Budget 2017: Lack of Northern Ireland Executive could halt nurse pay rise
The lack of a Northern Ireland Executive could prevent Northern Ireland nurses getting a pay rise.
In his budget, Chancellor Philip Hammond said if the independent public sector review body recommended nurses should get a pay rise of more than one percent he would find the money to pay for it.
However, as health is a devolved matter it could potentially mean Northern Ireland workers lose out as it would require a minister at Stormont to introduce the measure.
Secretary of State James Brokenshire has resisted introducing full-blown direct rule, which could allow the pay rise, despite ongoing political wrangling meaning there has been no Executive for the year. He has however, said Northern Ireland is on a "glide path" to rule from London.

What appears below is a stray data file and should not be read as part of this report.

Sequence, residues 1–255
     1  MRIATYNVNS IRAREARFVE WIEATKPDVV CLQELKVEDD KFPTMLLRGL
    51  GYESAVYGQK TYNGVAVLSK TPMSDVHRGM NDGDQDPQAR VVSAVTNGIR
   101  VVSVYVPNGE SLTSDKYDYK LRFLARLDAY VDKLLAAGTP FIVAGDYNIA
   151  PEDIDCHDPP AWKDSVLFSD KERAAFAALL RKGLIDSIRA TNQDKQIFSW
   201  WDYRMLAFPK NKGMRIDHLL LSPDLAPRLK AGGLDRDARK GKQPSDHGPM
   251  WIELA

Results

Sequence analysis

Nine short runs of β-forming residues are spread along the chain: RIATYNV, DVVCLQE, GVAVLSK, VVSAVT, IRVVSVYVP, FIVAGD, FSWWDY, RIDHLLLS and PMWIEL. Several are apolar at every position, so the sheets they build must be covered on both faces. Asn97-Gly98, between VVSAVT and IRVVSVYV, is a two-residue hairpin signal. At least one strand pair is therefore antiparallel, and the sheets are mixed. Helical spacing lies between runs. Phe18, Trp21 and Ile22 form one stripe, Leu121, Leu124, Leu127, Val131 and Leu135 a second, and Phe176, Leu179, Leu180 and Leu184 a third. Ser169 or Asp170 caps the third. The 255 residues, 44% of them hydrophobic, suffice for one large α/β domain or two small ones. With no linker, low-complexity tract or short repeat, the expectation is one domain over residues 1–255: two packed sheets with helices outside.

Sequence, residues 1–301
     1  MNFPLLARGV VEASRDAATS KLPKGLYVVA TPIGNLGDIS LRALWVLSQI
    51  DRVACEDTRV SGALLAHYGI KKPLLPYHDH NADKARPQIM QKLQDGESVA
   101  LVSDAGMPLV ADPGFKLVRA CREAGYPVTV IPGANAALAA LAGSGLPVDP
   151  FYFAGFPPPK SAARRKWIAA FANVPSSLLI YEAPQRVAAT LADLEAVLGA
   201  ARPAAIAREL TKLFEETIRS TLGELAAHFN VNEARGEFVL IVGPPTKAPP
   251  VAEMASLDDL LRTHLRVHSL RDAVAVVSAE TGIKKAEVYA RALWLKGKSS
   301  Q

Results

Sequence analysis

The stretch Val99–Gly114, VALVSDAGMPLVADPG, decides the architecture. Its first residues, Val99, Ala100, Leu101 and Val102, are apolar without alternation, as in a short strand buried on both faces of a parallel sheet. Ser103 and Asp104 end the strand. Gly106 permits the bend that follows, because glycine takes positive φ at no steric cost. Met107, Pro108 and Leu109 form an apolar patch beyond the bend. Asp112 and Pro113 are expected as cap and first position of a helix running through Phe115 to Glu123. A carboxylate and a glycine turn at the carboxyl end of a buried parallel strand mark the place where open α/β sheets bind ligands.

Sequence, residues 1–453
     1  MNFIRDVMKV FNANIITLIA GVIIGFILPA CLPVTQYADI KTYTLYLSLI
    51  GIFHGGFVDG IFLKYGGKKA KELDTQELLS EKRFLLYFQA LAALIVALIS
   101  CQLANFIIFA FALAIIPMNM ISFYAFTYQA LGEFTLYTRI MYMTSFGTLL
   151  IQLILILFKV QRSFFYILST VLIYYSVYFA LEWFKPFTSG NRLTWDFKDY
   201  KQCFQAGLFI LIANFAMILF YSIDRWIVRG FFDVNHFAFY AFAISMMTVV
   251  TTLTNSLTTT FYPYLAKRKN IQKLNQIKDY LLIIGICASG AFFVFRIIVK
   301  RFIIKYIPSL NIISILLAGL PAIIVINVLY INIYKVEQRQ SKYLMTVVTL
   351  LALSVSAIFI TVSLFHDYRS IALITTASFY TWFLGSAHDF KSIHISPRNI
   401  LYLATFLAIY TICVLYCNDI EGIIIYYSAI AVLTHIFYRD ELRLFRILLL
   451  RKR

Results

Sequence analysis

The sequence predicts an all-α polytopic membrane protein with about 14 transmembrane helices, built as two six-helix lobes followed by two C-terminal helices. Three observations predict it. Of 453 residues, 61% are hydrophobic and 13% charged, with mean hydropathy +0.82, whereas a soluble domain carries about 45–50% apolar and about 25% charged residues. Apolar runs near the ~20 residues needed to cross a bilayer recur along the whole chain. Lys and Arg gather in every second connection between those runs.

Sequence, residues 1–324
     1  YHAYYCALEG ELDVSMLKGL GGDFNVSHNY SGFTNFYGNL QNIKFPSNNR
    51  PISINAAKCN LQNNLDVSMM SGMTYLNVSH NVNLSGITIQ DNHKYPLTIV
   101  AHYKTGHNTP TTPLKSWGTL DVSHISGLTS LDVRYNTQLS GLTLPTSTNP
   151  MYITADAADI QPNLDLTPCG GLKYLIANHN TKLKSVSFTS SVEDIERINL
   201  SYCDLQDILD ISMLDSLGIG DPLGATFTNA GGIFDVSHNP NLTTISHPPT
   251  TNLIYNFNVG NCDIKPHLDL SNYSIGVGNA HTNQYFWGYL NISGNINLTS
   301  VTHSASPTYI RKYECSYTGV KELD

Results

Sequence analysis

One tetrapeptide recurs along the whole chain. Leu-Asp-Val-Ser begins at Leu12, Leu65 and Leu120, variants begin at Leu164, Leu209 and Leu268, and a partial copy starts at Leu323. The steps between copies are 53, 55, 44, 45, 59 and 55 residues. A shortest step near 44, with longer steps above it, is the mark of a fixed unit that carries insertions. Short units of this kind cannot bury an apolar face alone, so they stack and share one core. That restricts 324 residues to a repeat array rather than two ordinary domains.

Asked what would happen if the pay increase was approved by the Chancellor, Mr Brokenshire told the BBC: "I want to see an Executive back in place that's why the Prime Minister met the DUP and Sinn Fein this week for that purpose of trying to engender the parties to come together to find a resolution of the outstanding differences.
"Because it is this pressure we are seeing at the moment, on not being able to have the political decision making on really important issues such as on public sector pay where unless there is an existing policy pay awards can't be made.
"That isn't right."
Belfast Telegraph Digital